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Tricia Coulter, Ph.D
Tricia Coulter, Ph.D., is director of the Teaching Quality and Leadership Institute at Education Commission of the States (ECS). She is responsible for coordinating grant-funded research and policy work related to teacher and leadership quality, overseeing staff activities, planning teacher quality related sessions at national meetings, and reporting on grant activities to funding sources. Previously, Dr. Coulter was the coordinator of the State Higher Education Executive Officers K–16 Professional Development Collaborative—the group of state-level individuals with primary administrative responsibility for No Child Left Behind (NCLB)—Title II Student Affairs in Higher Education Partnership grants. She earned her doctoral degree from the University of Nevada–Reno.
John Doble is senior vice president and research director of Public Agenda. Previously, he led Doble Research Associates, which specialized in analyzing, from a nonpartisan perspective, public and leadership opinion about complex policy issues for an array of clients including The Kettering Foundation and the Edna McConnell Clark Foundation. Doble’s articles about public opinion have appeared in Judicature, Technology Review, Public Understanding of Science, Public Opinion Quarterly, and Foreign Affairs (co-authored with Daniel Yankelovich), among many other publications. In addition, he has presented study results to professional audiences at the White House; on Capitol Hill; at the National Press Club; and to numerous national and international associations, including the American Association of Public Opinion Research, the American Association for the Advancement of Science, and The Institute of American Studies in Beijing. Doble earned his master’s degree from the University of Delaware and completed additional postgraduate work at New York University and The New School.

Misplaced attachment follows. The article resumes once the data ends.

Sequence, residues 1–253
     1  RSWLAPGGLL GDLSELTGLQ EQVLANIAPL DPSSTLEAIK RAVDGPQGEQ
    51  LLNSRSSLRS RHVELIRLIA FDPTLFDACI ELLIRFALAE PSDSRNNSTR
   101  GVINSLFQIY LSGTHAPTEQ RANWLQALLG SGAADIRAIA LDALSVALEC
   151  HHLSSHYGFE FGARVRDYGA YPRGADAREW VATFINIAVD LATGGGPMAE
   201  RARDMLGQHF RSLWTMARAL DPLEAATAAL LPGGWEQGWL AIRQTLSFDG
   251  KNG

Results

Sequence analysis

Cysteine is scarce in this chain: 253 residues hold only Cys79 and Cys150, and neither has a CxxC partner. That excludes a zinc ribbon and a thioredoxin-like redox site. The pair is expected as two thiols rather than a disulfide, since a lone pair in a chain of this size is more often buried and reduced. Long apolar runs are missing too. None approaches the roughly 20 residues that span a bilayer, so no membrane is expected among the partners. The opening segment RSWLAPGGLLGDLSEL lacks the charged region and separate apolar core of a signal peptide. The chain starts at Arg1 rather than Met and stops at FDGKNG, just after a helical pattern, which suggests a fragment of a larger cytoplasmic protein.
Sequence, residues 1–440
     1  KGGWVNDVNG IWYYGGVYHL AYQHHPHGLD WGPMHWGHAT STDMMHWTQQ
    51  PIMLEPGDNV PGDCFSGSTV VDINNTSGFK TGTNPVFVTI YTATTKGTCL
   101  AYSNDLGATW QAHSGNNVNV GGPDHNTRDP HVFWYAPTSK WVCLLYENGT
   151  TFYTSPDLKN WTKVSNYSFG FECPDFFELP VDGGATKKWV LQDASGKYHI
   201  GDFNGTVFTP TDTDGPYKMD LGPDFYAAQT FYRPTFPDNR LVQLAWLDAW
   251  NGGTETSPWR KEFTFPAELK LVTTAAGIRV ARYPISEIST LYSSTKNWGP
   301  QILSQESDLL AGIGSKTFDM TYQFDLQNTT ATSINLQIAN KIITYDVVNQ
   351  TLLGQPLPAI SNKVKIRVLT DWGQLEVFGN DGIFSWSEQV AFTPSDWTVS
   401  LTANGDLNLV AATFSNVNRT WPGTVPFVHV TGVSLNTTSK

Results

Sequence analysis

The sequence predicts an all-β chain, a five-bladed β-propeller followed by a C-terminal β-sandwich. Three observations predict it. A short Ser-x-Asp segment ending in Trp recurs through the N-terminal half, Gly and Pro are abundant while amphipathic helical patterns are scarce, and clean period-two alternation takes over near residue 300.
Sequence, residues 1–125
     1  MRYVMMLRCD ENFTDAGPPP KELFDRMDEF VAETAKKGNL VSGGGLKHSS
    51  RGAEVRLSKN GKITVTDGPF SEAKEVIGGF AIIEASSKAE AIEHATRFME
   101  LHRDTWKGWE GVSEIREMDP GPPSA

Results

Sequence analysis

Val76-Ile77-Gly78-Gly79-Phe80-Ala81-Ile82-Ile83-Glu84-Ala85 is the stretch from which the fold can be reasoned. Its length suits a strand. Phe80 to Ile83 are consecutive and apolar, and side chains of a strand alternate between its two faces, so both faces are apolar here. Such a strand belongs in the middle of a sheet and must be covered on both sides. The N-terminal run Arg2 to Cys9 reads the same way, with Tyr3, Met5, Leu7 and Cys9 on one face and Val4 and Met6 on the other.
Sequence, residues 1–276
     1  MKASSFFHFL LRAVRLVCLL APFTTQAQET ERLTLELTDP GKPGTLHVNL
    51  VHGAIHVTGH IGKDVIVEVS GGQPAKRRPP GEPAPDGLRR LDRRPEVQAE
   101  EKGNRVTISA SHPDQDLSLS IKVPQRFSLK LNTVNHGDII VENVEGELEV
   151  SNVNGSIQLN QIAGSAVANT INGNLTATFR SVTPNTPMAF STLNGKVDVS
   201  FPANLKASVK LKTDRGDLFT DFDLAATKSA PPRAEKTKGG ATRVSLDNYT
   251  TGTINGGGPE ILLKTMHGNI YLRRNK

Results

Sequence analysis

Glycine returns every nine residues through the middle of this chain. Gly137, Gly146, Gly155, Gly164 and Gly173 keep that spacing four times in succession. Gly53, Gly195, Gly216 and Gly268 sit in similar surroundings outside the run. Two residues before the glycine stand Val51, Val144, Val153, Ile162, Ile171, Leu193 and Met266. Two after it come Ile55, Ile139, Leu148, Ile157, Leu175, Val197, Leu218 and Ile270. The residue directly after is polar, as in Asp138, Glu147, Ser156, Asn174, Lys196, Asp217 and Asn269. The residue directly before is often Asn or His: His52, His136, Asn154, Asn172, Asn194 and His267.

Carol A. Dwyer, Ph.D., Moderator
Carol A. Dwyer, Ph.D., is a distinguished presidential appointee at ETS. In this position, she is charged with identifying the means for ETS to contribute to the closing of achievement gaps related to socioeconomic status, gender, disabilities, language status, and ethnicity. Her position also involves conceptualizing and realizing many national and regional conferences, a number of which are directly related to the No Child Left Behind Act. Dr. Dwyer, an educational psychologist, has worked for many years with issues of equity and education. She conceived and developed ETS’s Praxis assessments for beginning teachers, used by states nationwide to assist in ensuring a legally appropriate and scientifically grounded base for meeting states’ licensing standards. Dr. Dwyer personally directed the development of the Praxis III assessments, which include teacher observations, interviews, portfolios, and reflection on their own teaching. Dr. Dwyer is currently the principal investigator for research and dissemination for the National Comprehensive Center for Teacher Quality. She earned her doctoral degree in educational psychology from the University of California–Berkeley.
Laura Goe, Ph.D.
Laura Goe, Ph.D., is an associate research scientist in the Teaching and Learning